This article has been updated for 2023.
If you’re a healthcare provider or startup looking to build your own app, one of your biggest questions is likely the cost involved.
It’s not an easy question to answer.
With a few minutes of internet research, you’ll find several wildly varying estimates. Some articles estimate the cost to be $20,000-$30,000, while others put the cost at $700,000 or more.
Why the huge range? For one thing, it depends on the app you want to build.
Determining healthcare app cost depends on three main factors: app complexity, regulatory compliance, and who builds the app.
Let’s break down these three cost drivers to see what you can do to keep down the cost of developing a health app in 2023.
Healthcare App Complexity
The relationship between app complexity and cost is straightforward; the more complex your app is, the more it will cost to build it.
So let’s define what “complex” means in a healthcare app context. Your app’s level of complexity probably falls into one of the following categories.
- Simple: An app for one or two platforms (i.e., desktop or mobile, web app or mobile app) with a simple design, custom UI features, and API integration. An example might be a custom mobile app checking an urgent care provider’s current wait time.
- Somewhat Complex: A professionally designed app developed for two or more platforms, with front-end and back-end features, security features for patient data, or multiple APIs. A web or mobile app that allows patients to access their medical records could be somewhat complex.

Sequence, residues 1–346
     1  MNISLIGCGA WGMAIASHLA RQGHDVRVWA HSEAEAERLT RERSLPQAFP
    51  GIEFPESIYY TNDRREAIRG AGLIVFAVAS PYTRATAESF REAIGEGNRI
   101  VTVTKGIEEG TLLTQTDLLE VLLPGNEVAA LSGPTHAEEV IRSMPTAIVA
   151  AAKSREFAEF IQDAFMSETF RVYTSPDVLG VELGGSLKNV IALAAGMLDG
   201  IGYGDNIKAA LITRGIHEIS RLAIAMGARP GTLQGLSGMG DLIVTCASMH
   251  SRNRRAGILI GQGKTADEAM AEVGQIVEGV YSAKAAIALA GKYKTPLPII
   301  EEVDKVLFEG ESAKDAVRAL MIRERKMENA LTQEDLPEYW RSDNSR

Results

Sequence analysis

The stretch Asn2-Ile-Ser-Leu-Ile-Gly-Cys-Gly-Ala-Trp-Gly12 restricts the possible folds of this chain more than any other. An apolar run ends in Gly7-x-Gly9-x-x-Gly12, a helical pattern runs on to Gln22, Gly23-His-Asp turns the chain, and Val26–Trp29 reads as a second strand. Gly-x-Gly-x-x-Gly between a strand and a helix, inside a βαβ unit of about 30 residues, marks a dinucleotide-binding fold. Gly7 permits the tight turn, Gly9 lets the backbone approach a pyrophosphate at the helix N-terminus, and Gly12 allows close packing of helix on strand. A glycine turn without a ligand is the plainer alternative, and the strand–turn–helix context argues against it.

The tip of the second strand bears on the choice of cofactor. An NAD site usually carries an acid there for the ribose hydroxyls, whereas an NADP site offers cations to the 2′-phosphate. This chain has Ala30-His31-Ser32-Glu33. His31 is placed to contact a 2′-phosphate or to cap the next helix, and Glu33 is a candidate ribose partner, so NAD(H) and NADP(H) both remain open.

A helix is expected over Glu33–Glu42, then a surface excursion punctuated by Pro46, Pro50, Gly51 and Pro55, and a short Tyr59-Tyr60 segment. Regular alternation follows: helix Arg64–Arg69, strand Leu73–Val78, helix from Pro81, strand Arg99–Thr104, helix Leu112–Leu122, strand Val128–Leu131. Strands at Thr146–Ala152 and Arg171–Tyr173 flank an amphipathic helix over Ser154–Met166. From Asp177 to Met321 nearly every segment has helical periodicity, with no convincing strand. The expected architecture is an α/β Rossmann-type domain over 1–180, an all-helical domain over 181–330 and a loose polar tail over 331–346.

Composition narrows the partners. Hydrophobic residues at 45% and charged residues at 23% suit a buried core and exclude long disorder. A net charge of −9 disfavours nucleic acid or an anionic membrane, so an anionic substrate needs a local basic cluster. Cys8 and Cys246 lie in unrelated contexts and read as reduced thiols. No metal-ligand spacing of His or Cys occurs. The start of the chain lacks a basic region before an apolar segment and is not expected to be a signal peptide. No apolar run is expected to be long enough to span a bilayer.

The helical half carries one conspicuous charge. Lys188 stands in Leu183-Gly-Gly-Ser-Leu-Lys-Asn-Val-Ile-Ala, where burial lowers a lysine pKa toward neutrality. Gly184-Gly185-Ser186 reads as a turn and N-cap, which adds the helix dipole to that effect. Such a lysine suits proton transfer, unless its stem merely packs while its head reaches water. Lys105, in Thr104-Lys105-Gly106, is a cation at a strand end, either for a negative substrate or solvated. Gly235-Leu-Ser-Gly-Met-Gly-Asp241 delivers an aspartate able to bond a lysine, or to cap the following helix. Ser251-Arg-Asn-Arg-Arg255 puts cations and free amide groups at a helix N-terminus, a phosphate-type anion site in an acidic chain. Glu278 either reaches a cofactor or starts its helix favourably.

- Very Complex: A fully custom health app for multiple platforms, involving professional front-end design, heavy back-end features, and several integrations. Telehealth applications and electronic health record (EHR) systems are examples of very complex apps.
App complexity is a balancing act. On one side, you want your app to be secure, stable, and meet your every need. On the other, you want to keep costs down.
Every feature increases your app’s complexity, and therefore, the amount of development time.
To keep costs down, make a prioritized list of every feature you want in your health app. Then, divide them into “must have” and “nice to have” features.
As you start getting estimates for app development, have them price your “must have” list first. If your “must have” list exceeds your budget, you’ll have to make some difficult calls.
If they don’t, you may be able to add a few of your “nice to have” features.
Software created for use in healthcare settings in the United States must be HIPAA-compliant. HIPAA’s regulations apply to all components of your healthcare application: the UI/UX and front-end technologies, the servers and databases on the back-end, and any middleware, infrastructure, and data transport mechanisms.